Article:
In the first part of this series, we discussed the fundamentals of gastric bypass surgery, the types of bariatric surgeries, and their positive and negative impacts on patients. We learned that most types of bariatric surgeries are primarily performed on people who are morbidly obese, but study results suggest that they can also be a potential major treatment for Diabetes.
The reason behind this is the discovery of the GLUT-1 molecule in the small intestine of an adult after a gastric bypass procedure. Why this is an interesting find for surgeons is because this molecule is only find in a fetus’ small intestine.
Researchers continue to unravel promising Diabetes cures; most of the current findings are not yet established. Hopefully, doctors and scientists can find the answer to this 20-year old plague or we will prove the World Health Organization (WHO) right in claiming Diabetes cases will rise twice more than 78 million in the next two decades.
Roux-en-Y Gastric Bypass
Roux-en-Y Gastric Bypass carries favorable weight loss results and wonderful benefits, which appealed to the masses, despite the difficulty of the procedure. It is the most widely performed bariatric surgery in the US today, in fact. The surgery can be done in two ways — open surgery and laparoscopic.
Open surgery is done by creating an 8-10 inch incision on the abdomen while laparoscopic is done with the use of a laparoscope, a small tube with a tiny camera at the edge inserted through your stomach. Laparoscopic operation was hard especially back in 1993 when it was first performed due to the limited access technique.
- The surgeon creates a small pouch as small as the size of an egg in your stomach by stapling a section of it off the main stomach. The purpose is to reduce the amount of food intake.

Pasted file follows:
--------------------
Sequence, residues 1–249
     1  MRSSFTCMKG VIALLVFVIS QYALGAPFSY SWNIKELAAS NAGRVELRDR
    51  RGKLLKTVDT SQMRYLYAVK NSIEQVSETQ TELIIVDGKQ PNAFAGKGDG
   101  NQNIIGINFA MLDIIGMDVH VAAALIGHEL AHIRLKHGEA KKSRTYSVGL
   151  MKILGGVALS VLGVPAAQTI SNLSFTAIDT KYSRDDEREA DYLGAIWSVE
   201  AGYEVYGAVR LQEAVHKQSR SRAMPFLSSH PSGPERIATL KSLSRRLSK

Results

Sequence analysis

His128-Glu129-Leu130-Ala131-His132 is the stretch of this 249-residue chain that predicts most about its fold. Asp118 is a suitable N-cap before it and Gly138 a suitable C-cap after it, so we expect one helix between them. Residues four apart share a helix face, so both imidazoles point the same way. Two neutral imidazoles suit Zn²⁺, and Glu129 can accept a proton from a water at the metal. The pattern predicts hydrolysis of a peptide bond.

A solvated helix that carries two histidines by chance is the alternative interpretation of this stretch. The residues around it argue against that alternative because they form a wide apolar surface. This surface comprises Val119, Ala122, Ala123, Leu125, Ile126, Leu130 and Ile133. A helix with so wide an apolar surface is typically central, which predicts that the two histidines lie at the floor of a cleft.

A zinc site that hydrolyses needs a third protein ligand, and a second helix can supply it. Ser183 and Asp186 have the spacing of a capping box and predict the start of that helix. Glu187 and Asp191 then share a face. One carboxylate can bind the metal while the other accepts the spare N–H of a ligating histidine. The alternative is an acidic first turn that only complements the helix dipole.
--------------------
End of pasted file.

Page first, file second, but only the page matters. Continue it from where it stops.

- This pouch would then be attached to the upper section of the small intestine. The purpose is to minimize the amount of calories and fat your system would absorb.
It doubles your chances for weight loss because you will eat less and your body will absorb less calories and fats.
- Recovery period is shorter
- Hospital time is also shorter
- Scarring is very minimal (for laparoscopic method)
- Less discomfort
- Less risk of incisional hernia or incomplete healing of surgical wounds
- Procedure is risky and can be fatal at times
- Possible internal bleeding and wound infection
- Possible blood clots
- Higher risk of respiratory issues
- Incision leaks to the system
- Calcium and/or iron deficiency
- Fatal vitamin and mineral deficiencies
- Dumping accompanied by nausea, tachycardia, diarrhea after meals, fainting, and flushing
- Internal bleeding
The risks and complications depend on your medical condition. After the procedure, it is paramount to consult your doctor frequently and report any abnormalities or unusual feeling for immediate medical attention.
Laparoscopic Adjustable Gastric Banding (LAGB)
The LAGD procedure may only take 30 mins to one hour depending on your surgeon’s experience. The procedure is recommended for people with a BMI of 40 or more, have tried several weight loss techniques but did not work, and patients who are neither alcohol nor drug dependent. Before the procedure, doctors may also order psychological briefing to determine mental stability.
- The surgeon inject general anesthesia, then creates a small incision (about 1-5 small cuts) on your abdomen where the laparoscope is inserted.